Knee rehab

Orthopaedic Evaluation to determine if you are suitable for surgery

An evaluation with an orthopaedic surgeon will consists of several components such as medical history. Your surgeon will gather information about your general health and ask you about the severity of your knee pain and ability to function.

Physical examination will assess your knee movement, stability, strength, and knee alignment.

X-rays images may help to determine the extent of damage and deformity in your knee. Occasionally blood tests or advanced magnetic resonance imaging (MRI) scanning may be needed to determine the condition of the bone and soft tissues of your knee.

Your orthopaedic surgeon will review all the results of your evaluation and discuss whether knee replacement surgery is the best choice to relieve your severe pain and improve your function.

Finally, if surgery is decided your orthopaedic surgeon will explain the potential risks and complications of total knee replacement.

Deciding to Have Knee Replacement Surgery – have Realistic Expectations

An important factor in deciding whether to have total knee replacement surgery is understanding what the procedure does. Most people who undergo total knee replacement surgery experience a dramatic reduction of their knee pain and significant improvement in their daily function. Post knee joint replacement will not mean you can do more than you could before you developed severe arthritis.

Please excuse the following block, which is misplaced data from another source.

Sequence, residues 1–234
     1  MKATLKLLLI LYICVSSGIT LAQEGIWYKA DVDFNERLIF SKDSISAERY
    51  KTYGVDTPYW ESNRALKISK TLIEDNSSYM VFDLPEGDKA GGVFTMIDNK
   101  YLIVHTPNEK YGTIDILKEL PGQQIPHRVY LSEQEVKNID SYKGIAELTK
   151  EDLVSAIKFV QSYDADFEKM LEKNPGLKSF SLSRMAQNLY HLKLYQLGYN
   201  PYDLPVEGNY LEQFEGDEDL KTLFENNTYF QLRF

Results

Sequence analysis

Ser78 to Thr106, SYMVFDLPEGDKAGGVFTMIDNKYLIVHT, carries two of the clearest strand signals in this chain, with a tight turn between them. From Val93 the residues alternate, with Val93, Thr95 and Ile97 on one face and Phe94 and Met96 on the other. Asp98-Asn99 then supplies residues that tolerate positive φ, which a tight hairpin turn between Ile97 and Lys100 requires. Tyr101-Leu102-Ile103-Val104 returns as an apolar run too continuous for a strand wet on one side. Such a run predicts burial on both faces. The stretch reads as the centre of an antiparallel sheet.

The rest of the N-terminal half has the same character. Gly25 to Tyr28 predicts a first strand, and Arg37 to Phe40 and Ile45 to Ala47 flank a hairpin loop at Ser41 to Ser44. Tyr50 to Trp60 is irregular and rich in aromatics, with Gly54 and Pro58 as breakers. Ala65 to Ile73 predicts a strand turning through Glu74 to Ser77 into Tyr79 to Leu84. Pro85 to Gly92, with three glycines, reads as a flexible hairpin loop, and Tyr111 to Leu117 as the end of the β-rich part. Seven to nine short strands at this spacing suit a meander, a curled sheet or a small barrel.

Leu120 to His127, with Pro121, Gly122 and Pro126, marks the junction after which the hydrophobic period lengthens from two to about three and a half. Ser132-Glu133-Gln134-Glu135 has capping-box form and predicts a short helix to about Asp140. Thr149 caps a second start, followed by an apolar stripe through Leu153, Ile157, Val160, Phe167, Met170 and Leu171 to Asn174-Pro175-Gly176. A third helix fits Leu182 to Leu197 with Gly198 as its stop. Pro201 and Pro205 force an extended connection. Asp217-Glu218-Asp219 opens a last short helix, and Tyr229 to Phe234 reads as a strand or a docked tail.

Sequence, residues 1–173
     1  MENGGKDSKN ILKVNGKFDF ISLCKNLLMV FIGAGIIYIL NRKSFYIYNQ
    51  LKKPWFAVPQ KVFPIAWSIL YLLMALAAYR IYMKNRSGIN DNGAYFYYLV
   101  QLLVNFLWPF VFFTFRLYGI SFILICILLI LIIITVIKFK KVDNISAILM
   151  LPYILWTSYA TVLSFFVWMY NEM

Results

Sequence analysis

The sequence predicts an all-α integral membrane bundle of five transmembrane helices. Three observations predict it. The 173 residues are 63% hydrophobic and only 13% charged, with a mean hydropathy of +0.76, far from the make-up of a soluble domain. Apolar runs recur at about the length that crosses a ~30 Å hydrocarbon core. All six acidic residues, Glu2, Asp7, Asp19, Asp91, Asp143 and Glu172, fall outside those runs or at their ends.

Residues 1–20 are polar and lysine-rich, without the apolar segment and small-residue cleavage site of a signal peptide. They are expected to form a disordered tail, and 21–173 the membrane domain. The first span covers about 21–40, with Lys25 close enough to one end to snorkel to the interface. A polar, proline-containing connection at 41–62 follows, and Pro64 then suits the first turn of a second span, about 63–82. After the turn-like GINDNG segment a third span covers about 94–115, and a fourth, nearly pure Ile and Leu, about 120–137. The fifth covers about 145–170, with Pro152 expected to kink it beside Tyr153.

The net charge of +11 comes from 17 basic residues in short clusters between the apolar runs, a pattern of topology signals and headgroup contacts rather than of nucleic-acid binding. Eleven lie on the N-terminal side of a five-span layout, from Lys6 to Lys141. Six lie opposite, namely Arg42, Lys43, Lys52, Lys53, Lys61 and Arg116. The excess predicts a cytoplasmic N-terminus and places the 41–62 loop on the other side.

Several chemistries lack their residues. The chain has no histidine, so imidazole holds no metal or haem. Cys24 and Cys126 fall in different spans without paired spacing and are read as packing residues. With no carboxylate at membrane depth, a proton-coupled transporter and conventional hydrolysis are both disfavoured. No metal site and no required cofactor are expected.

Like a normal knee, with use and activity every knee replacement implant begins to wear in its plastic spacer. Excessive loading or weight may speed up this wear and may cause your knee replacement to become loose and painful. Most surgeons advise against high-impact activities such as running, jumping, or other high-impact sports for the rest of your life after surgery.

Relatively safe activities following knee replacement include walking, swimming, golf, light hiking, biking and other low-impact sports.

Possible complications of surgery

The complication rate following total knee replacement is relatively low. A serious complication, such as a knee infection, occur in less than 2% of patients. Major medical complications such as heart attack occur even less frequently. Patients suffering from chronic illness may have increase potential for complication, any your concerns should be thoroughly discussed with your orthopaedic surgeon prior to surgery.

Infection may occur in the wound or deeper around the prosthesis. It can happen within days or weeks after your surgery. Minor infections in the wound area are treated with antibiotics. If a major or deep infection occurs, then you may require more surgery and removal of the prosthesis.